Imagine my disgust when I receive an emailed press release, promoting a ‘documentary’ intended to, well, it says it pretty clearly:

Robert F. Kennedy, Jr.’s Children’s Health Defense, in conjunction with Centner Productions and the Urban Global Health Alliance (UGHA), and co-producers Rev. Tony Muhammad and author/historian Curtis Cost, today announced the release of the trailer for their upcoming documentary “Medical Racism: The New Apartheid” which premiers on March 11, 2021. The trailer is available here.


“Medical Racism” illuminates the shocking history of human experimentation targeting Blacks by government health regulators and private pharmaceutical companies. “While many Americans are familiar with the historic medical atrocities by CDC at Tuskegee, by the father of American gynecology, Dr. J. Marion Sims on South Carolina slave girls, and the continuing medical larceny against Henrietta Lacks, they are likely unaware of the routine medical barbarism against Africans that persists today,” said the film’s co-producer, Curtis Cost. [source]

Before I even begin, I need to point out that the title of this documentary is extremely similar to that of a book written by a Black woman, Harriet A. Washington, titled Medical Apartheid. In her book, Washington outlines the history of medical science and its abuses against marginalized communities of all stripes, not simply “Africans.” Washington’s book is heartbreaking, but nuanced, and helps us understand the necessary paths we must take to get to a place of not merely trust, but mutual respect—both for the purpose of medicine, but for the role of ‘patient.’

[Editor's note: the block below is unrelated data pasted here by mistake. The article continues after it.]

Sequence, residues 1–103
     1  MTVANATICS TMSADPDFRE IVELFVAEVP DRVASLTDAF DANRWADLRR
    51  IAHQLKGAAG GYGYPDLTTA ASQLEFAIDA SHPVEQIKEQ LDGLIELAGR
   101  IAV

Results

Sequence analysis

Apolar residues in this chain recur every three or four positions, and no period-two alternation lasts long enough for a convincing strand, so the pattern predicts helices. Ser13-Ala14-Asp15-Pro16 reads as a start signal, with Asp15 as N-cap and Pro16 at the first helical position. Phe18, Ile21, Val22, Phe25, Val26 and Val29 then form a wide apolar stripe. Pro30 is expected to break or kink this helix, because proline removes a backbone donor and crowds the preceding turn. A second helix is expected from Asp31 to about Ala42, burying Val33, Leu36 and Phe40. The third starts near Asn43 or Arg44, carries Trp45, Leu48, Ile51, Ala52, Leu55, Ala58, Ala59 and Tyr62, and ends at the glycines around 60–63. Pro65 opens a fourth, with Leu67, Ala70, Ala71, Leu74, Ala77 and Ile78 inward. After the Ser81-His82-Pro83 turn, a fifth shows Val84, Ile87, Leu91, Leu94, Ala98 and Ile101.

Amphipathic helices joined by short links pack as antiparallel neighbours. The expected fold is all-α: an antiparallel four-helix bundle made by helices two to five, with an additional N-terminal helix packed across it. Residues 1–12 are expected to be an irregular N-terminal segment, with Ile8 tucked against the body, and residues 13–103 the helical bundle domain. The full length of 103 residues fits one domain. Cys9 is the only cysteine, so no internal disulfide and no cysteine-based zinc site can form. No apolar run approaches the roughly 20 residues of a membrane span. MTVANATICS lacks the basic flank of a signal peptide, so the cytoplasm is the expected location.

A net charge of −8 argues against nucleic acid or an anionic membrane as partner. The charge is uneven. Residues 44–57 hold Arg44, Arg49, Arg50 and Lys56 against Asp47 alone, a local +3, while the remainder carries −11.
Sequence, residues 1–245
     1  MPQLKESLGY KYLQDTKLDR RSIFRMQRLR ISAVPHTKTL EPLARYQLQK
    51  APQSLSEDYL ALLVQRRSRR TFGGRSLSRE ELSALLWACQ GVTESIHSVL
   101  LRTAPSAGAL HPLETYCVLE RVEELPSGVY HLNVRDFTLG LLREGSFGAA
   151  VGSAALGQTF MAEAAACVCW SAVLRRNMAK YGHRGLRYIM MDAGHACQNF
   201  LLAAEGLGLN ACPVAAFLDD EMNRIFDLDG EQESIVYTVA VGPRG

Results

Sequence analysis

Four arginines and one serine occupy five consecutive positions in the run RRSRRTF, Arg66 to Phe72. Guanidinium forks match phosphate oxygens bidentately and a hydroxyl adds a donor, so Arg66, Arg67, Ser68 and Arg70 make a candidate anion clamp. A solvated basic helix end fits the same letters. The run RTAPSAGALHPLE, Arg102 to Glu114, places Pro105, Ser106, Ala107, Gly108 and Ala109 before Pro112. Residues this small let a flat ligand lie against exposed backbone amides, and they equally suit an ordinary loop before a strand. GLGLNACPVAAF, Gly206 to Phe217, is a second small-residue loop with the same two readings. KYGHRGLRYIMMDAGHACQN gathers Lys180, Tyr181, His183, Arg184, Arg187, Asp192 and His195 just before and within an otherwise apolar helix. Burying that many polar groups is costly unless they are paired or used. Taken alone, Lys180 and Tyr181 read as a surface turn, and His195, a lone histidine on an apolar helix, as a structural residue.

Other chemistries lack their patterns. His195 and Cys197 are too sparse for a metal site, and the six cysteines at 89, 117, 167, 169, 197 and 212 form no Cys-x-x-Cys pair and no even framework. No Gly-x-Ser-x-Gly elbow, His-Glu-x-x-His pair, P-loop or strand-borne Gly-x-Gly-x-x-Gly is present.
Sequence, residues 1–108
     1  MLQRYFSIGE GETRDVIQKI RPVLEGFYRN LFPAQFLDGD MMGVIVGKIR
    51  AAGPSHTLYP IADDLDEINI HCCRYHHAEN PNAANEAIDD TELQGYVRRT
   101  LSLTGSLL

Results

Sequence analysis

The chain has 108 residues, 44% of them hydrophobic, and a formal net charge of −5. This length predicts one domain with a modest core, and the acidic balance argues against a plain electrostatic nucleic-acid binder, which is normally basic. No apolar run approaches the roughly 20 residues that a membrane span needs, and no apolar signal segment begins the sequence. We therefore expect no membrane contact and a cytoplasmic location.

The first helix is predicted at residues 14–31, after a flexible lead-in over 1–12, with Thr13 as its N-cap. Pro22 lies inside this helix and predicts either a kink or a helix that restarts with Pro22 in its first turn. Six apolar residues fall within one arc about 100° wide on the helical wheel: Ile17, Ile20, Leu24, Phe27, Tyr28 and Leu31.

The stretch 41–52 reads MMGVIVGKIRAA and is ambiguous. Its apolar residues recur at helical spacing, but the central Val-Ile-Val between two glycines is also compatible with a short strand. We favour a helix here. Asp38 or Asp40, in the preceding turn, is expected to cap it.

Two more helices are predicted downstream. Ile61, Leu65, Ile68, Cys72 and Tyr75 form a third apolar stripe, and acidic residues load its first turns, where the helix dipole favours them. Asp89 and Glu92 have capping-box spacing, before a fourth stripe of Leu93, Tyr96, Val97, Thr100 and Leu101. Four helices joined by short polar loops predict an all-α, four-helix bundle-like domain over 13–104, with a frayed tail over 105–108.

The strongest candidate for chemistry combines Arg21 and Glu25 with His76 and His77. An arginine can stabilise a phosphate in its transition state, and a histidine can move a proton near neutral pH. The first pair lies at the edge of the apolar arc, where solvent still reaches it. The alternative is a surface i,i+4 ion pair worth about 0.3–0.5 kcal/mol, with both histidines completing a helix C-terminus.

There’s every indication that they cribbed much of their information—and their title—from her over 15-year-old book, and zero indication they included her in their film. Most importantly,  Washington has been abundantly clear about her position: she believes we need to be vaccinated.

Listen to how NPR characterizes this…this… thing:

With this film, Kennedy and his allies in the anti-vaccine movement resurface and promote disproven claimsabout the dangers of vaccines, but it’s aimed squarely at a specific demographic: Black Americans.

The film draws a line from the real and disturbing history of racism and atrocities in the medical field — such as the Tuskegee syphilis study — to interviews with anti-vaccine activists who warn communities of color to be suspicious of modern-day vaccines.


At one point in Medical Racism, viewers are warned that “in black communities something is very sinister” and “the same thing that happened in the 1930s during the eugenics movement” is happening again.